After Pediatric Kidney Transplant Surgery

For More Information 919-681-2679

Your child’s kidney transplant team will work closely with you and your child, especially in the first year after surgery when the risks of rejection and infection are the highest. You can help your child stay healthy by attending all follow-up appointments, monitoring their vital signs as their team recommends, and making sure they take their prescribed medications.

Find an After Pediatric Kidney Transplant Surgery Doctor
Matching Results
Filter Results
Filter by:
Use My Current Location
Located Near You
Loading Results
Showing of Doctors
Load More View All

Preventing Rejection

After transplantation, your child’s immune system will not recognize the new kidney and may try to attack or reject it. That’s why it is important to get a kidney that matches your child’s immune system.. Your child will also take immunosuppressant medicine to help prevent rejection. It is essential that your child takes these medications as prescribed. We personalize their immunosuppression strategy based on their specific needs. Our goal is to keep the transplanted kidney working for a long time.

Signs of rejection can include fever, decreased urine output, and weight gain, but your child may not show any symptoms at all. They will undergo a kidney biopsy about six months after transplant as well as regular blood work to test for rejection. Rejection can be treated successfully if problems can be addressed promptly -- usually with steroids and an increased dose of immunosuppressants.

Is Your Child Ready for an Evaluation?

If you want to make an appointment for a pediatric kidney transplant evaluation for your child, please contact us. Our team can help with next steps.

Taking Medications

We offer both calcineurin-free and steroid-free anti-rejection medications tailored to your child’s specific needs. These options help your child avoid the long-term side effects associated with steroid use and help the transplanted kidney function longer. Your child will take immunosuppressants for the rest of their life. Because their body and immune system can change over time, we will monitor your child closely and adjust the dosage and medication type as needed.

Your child will also take drugs to lower the risk of infections, prevent blood clots, control acid reflux, and more. Your transplant pharmacist, transplant coordinator, and others will help you and your child manage and follow their medication routine.

Our Locations

Kidney transplant surgery is performed at Duke Children's Hospital and Health Center. Pre- and post-transplant appointments take place at our kidney transplant clinic within Duke Children's.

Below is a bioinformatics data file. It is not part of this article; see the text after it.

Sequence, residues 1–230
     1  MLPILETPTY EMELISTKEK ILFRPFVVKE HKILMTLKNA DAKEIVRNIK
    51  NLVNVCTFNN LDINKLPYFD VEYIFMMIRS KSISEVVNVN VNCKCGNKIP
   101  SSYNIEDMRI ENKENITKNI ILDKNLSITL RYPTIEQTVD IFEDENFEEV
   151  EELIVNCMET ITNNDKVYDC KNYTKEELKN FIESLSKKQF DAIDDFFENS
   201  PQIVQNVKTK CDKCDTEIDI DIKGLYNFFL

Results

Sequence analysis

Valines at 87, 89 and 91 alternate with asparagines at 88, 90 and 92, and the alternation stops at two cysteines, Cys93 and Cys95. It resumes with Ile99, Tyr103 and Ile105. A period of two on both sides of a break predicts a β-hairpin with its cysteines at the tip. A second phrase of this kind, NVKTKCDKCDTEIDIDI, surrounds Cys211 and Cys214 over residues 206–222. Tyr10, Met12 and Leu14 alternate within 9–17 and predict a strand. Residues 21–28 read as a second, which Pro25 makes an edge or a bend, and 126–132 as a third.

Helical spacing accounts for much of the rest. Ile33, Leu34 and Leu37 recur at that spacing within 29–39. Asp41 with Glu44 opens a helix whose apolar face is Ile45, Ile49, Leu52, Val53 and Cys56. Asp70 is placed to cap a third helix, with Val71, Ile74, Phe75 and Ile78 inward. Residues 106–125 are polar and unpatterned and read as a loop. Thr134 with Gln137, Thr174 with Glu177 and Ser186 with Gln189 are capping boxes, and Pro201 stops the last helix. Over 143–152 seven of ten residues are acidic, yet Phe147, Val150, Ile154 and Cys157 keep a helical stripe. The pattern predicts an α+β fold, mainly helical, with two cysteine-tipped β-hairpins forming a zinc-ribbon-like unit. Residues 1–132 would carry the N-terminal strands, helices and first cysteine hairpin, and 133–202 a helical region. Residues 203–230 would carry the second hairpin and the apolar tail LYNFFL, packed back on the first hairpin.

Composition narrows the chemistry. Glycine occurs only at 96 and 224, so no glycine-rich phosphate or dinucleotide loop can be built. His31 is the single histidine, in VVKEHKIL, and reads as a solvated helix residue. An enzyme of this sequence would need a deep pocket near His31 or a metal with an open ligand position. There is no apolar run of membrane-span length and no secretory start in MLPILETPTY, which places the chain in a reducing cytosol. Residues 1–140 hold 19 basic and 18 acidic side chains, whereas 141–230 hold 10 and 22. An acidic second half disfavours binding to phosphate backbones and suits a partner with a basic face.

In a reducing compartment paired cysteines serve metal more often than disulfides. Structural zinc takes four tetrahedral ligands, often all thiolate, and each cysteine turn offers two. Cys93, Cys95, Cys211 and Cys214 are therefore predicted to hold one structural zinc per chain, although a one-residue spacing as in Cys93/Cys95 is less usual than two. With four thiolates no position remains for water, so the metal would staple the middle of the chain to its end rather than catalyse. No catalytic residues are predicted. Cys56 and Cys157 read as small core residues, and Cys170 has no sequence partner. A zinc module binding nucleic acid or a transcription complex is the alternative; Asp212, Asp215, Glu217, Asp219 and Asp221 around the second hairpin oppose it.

Coming to Follow-Up Appointments

Your child will have frequent visits with the transplant team for the first three months after leaving the hospital Your child’s transplant coordinator will help you with your appointment schedule and help you find lodging, if needed. At every follow-up visit, your child will undergo testing to see how well they’re healing, monitor any medication side effects, and look for signs of rejection or infection. Over time, these visits will occur less often, but you will still need to return to Duke for regular appointments. 

Best Children's Hospital in NC

Duke Children's Hospital & Health Center is proud to be nationally ranked in 10 pediatric specialties.

Monitoring Vital Signs

You will be asked to keep track of your child’s blood pressure, pulse, weight, temperature, fluid intake, and urine output daily. Please bring the recorded information to all follow-up appointments. Changes in vital signs may indicate a need for medical attention.

Avoiding Infection

Immunosuppression medications help your child’s body accept their new kidney, but they also increase the risk for infections, such as a cold; the flu; urinary tract infections; or other viral, bacterial, or fungal illnesses. This risk is greatest in the first year after transplant and when they are on high doses of medication -- for instance, when being treated for an episode of rejection. By consistently washing their hands, avoiding crowds and sick people, and getting vaccines as recommend, they can lower their risk for infection.  

Making the Transition to Adult Care

Practicing self-care after transplant is challenging. As your child grows into an adult, we work closely with them on managing prescriptions, looking out for signs of rejection or infection, finding a location for routine blood work, and more, until they are ready to safely transition to adult care.

This page was medically reviewed on 09/01/2023 by